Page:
These are challenging days in our house, in the area of siblinghood. Four-and-a-half is a creative, powerful, volatile, and angry age. Two-and-three-quarters is sweet and delightful and stubborn. Almost-thirty-seven and Almost-thirty-nine are tired and cranky. Year of the Rabbit, age of Aquarius, who knows why but there is a lot of arguing and teasing and wrestling and headlocks and screaming. Did I mention the screaming?
Marilyn at A lot of Loves wrote about sibling fighting the other day. She has the same ages as me in her house, or at least the same age spread. She pretty much nails it. I have read many books, including the bible, Siblings Without Rivalry, and had a lot of practice, so all things equal, I know how to behave with bickering and full-on body slamming. However, knowing what the right thing is to do and doing it are separated by a giant gulf sometimes. And that gulf is filled with screaming, so sometimes you just want to stay on your side of it, you know?
I really don’t believe there is anything abnormal about the way my kids interact. It is incredibly frustrating to deal with, mainly because I am an adult. I am comforted to see each of my children interact with other children and they behave as though they wrote the textbook on empathy and kindness. It is only with each other – and with me – and with their father – that they let out the screaming demons. I KNOW this is as it should be, that it’s because they trust and love each other and me and their father, that if they were nice and compliant at home I would worry about them being kleptomaniacs or sociopaths. I KNOW. But sometimes knowing and just wanting them to shut up for ten minutes is separated by a giant gulf. Etc.
This morning, while I unloaded the dishwasher, Trombone was eating his breakfast and Fresco was playing nearby. I overheard the following conversation:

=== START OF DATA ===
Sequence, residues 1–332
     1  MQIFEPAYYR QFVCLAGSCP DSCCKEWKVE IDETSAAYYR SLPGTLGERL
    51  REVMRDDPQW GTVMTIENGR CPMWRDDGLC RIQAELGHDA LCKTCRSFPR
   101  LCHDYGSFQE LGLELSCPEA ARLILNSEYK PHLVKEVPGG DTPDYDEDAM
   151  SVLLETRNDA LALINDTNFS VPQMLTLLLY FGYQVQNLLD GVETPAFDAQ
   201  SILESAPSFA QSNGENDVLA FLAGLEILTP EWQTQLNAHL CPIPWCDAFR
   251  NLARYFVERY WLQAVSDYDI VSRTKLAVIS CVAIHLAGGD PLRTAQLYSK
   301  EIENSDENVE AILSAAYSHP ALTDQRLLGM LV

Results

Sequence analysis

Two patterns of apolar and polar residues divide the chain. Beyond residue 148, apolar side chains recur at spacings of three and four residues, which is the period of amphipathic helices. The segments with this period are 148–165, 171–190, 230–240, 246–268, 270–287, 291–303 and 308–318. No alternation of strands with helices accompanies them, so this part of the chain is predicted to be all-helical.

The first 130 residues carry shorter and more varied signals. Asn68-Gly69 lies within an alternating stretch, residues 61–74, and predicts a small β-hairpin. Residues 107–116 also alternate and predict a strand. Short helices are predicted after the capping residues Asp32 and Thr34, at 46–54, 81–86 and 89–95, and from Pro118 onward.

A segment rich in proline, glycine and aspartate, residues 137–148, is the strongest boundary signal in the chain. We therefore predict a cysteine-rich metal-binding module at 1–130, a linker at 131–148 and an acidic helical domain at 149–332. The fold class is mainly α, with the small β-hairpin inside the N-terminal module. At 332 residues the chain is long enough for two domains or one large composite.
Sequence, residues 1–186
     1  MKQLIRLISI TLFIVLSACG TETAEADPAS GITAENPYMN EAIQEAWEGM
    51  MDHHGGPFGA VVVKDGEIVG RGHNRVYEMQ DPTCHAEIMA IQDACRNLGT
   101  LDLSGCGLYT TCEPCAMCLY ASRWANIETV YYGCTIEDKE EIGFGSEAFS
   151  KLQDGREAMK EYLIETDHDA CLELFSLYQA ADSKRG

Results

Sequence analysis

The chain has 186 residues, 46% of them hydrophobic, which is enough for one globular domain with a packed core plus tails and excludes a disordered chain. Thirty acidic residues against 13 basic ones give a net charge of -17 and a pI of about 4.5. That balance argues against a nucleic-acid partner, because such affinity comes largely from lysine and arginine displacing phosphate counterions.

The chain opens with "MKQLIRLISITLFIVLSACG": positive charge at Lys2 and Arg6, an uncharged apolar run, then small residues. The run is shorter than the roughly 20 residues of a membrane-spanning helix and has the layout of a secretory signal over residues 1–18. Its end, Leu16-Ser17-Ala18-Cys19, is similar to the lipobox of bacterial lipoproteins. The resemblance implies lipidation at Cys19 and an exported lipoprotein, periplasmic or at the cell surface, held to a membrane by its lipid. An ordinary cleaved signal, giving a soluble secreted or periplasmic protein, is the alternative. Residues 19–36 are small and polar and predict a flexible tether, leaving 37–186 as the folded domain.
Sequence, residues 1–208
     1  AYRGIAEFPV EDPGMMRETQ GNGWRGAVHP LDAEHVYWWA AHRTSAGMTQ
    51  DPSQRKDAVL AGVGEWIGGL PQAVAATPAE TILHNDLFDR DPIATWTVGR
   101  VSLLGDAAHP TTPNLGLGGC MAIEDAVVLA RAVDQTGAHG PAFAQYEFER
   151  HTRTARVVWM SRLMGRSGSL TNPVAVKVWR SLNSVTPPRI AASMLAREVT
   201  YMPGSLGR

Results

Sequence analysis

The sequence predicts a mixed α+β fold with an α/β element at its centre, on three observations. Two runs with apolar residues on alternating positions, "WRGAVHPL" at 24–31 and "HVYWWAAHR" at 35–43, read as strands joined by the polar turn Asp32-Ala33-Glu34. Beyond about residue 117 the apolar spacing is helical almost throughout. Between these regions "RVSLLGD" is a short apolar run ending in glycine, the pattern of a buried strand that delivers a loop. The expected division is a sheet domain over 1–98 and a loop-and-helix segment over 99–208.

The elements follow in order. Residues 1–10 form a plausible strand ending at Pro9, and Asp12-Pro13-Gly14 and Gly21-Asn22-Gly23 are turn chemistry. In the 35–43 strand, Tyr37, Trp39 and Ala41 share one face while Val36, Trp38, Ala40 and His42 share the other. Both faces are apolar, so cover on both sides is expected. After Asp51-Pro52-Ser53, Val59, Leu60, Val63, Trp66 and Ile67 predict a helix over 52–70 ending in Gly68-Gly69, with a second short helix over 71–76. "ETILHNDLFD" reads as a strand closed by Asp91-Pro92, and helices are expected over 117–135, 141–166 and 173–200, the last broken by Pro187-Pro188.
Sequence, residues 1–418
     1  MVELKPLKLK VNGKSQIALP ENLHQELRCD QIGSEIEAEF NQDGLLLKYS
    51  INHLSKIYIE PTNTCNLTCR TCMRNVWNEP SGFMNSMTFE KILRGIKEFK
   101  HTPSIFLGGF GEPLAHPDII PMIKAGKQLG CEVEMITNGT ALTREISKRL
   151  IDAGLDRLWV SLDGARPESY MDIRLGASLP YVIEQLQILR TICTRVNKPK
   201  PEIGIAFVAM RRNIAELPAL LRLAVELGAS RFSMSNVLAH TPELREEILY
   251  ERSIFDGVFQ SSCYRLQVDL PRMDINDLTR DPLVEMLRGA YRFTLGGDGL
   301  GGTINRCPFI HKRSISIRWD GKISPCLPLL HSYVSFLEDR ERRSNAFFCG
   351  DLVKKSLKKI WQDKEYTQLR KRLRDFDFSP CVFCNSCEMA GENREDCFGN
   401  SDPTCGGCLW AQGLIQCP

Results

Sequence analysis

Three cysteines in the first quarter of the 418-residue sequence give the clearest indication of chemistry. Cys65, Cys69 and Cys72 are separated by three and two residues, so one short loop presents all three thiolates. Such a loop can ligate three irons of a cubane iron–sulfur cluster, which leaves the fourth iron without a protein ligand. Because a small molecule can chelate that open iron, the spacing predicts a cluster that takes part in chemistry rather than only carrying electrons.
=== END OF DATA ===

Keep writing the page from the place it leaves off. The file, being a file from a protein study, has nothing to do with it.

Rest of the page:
Fresco: You have cereal. And I ate all mine. I WIN!
Trombone: YOU DON”T WIN.
Fresco: Ack! Trombone you are making the scary face that scares me! [terrible, wolves-eating-his-testicles noise]
[I wince but ignore]
Trombone: [scary face]
Fresco: But Trombone, can’t you be my friend?
Trombone: No, I’m BETTER than your friend. I’m your brother.
Fresco: But, but, but aren’t you my friend?
Trombone: I’m your brother. I help you when you fall down and I kiss your knee if it hurts and I tell Mommy if you need something. We get to play together all the time!
[I melt with love but continue to ignore]
Fresco: You are my best brother! [pron: bruddah]
Trombone: And we get to live in the same house! With friends, you only get playdates. Brothers are way better.
(I had to spoil the magic by asking if either of them would like a sister [I’M NOT OFFERING I’m just introducing the concept of GIRLS into the house every now and again] and they looked at me like I had seventeen heads. And said no.)
It’s not just a cute exchange, it’s also an indication (much needed) to me that they know how valuable their relationship is. They know how to behave and how to love each other. I guess it’s just that sometimes there’s a giant gulf between knowing and doing. For everyone.